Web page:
The needs of this demographic would be to look for legacy planning solutions for wealth preservation and transfer. As most of them would not have the knowledge or expertise to carry out tax planning, estate planning and setting a trust on their own, independent brokerage services can be offered to them to facilitate an end-to-end solution for their financial needs.

  1. How has visual communication contributed to address the cause?

The infographic designed by Search3W is clear, instructive and formatted in a logical way. They chose to use an infographic because there is a lot of technical detail required in constructing a savings and investment retirement portfolio.

I like how the design firm used the concept of percentages to explain asset allocation. They also included appropriate graphics so that it would be easier to remember the detail. Included are also certain principles one should follow in order to get the optimal savings needed for certain goals: i.e. car, children’s education fund. I like the font as it is friendly and engaging, the colours also appeal as they are bright and flashy. In terms of clarity I can see where they put emphasis in e.g. Money needed at retirement: 75-80% of pre-retirement income.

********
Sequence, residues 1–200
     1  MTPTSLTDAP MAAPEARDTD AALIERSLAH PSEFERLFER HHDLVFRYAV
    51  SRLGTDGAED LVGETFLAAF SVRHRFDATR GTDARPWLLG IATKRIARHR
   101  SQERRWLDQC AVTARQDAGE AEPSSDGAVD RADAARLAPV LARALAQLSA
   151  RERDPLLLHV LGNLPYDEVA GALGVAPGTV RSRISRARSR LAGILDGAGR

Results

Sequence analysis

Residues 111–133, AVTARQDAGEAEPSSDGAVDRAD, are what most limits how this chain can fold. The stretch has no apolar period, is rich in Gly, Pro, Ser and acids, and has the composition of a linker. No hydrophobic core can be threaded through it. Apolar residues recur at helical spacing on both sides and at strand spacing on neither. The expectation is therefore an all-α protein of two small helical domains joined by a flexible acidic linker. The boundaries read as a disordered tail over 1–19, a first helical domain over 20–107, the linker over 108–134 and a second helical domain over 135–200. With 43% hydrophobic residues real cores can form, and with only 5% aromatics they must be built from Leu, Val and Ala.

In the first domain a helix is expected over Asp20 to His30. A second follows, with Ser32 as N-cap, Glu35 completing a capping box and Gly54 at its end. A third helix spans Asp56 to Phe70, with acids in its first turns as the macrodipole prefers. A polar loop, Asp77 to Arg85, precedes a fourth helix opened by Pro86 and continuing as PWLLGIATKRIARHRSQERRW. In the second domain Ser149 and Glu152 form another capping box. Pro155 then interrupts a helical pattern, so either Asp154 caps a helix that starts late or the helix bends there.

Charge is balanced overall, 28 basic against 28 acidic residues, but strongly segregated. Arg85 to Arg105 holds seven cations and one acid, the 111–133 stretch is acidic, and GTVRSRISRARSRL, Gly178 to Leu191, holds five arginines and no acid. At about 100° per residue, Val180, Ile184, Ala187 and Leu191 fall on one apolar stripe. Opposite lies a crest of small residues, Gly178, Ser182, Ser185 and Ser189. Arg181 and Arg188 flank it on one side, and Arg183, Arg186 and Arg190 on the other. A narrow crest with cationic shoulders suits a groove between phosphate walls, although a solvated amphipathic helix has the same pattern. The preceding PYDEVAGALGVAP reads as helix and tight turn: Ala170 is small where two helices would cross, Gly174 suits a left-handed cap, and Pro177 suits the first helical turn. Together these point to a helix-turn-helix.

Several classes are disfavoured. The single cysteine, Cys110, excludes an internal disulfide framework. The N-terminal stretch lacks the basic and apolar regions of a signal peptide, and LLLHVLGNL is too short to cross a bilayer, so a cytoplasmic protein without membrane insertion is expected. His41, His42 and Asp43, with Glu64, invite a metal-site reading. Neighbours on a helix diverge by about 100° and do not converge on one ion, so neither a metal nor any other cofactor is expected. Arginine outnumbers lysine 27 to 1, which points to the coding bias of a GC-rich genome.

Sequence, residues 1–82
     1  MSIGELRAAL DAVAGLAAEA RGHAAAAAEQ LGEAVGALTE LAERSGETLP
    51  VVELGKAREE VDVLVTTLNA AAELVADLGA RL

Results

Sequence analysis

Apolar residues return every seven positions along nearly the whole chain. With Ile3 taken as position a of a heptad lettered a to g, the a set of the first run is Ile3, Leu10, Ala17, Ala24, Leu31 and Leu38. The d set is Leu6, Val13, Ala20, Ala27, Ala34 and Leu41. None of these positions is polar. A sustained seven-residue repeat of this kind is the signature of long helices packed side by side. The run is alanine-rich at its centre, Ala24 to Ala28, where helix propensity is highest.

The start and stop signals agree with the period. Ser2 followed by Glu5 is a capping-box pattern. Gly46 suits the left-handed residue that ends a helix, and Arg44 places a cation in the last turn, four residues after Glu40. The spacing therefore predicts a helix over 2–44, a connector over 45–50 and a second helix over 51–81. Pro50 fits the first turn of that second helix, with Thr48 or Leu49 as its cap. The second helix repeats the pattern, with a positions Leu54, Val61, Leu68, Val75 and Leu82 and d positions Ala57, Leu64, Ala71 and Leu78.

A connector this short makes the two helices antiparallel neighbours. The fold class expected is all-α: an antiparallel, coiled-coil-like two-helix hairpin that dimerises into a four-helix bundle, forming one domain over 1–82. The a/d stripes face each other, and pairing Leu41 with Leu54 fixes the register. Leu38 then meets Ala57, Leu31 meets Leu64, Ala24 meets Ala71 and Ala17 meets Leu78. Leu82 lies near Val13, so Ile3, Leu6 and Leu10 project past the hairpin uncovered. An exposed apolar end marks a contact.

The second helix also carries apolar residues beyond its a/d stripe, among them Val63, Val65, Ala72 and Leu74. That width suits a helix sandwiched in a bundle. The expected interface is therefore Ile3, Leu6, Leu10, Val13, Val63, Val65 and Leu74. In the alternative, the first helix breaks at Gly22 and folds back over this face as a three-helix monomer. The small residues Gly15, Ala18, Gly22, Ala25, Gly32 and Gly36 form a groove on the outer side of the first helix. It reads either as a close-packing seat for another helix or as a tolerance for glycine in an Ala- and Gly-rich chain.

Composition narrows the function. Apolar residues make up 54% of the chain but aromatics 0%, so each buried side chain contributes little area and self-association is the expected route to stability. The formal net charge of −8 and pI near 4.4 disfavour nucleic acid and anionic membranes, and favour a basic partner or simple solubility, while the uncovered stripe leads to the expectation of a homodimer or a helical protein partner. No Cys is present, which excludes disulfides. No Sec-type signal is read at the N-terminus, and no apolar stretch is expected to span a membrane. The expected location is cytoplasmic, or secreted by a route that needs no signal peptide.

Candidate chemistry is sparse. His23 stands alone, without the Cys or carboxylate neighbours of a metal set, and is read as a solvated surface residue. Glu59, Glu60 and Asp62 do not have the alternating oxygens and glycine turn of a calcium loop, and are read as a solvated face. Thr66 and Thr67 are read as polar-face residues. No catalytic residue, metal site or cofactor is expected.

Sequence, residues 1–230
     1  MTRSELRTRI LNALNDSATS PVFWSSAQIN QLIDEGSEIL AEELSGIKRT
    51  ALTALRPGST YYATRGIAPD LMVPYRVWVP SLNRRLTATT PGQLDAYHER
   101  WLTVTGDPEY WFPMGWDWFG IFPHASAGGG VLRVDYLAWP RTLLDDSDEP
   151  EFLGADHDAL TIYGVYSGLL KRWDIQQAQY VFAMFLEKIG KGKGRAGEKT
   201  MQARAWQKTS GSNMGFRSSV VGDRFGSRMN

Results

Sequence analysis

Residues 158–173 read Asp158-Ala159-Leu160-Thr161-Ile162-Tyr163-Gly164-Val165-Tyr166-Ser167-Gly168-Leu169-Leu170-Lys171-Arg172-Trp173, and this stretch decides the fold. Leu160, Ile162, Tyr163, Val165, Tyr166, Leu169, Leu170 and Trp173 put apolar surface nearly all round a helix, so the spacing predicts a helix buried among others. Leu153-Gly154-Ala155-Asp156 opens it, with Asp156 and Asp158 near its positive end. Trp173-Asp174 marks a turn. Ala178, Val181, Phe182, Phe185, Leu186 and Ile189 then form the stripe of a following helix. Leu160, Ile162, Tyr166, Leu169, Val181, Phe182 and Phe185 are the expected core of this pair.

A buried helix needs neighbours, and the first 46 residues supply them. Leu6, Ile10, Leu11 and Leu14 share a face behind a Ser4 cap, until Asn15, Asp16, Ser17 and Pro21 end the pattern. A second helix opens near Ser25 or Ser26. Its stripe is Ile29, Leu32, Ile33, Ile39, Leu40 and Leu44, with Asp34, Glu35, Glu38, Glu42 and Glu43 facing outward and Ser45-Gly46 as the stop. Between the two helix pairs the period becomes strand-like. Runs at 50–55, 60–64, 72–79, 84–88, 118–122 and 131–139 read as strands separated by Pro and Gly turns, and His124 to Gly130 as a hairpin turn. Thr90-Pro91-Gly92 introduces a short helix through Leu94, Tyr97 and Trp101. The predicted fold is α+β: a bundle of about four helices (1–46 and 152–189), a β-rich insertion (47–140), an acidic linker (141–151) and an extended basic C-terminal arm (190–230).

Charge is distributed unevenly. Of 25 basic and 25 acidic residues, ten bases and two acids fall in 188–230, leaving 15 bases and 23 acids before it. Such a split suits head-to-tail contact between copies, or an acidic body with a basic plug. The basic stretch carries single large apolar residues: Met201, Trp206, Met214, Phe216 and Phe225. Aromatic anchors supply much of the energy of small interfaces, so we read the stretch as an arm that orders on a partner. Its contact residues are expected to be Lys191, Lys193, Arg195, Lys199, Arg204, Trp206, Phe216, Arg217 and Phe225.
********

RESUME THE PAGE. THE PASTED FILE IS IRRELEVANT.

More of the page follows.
The other infographic by Visual Capitalist lists down the key terminology used in stock trading. They succeeded in making the terms look less daunting and more accessible to the everyday man. I like the composition of the infographic, where they package each term and give it a little “story” and illustration to accompany the story. The colour and font is also bright, easily legible and friendly. There is also a colour pattern in terms of the trading card arrangement.

I couldn’t find the source for this poster by Kararfarin Advertising, but the concept is poignant and delivers a punch with simplicity. The analogy of saving / preparing for a rainy day is never better demonstrated than here.

Zine: Ideas and inspirations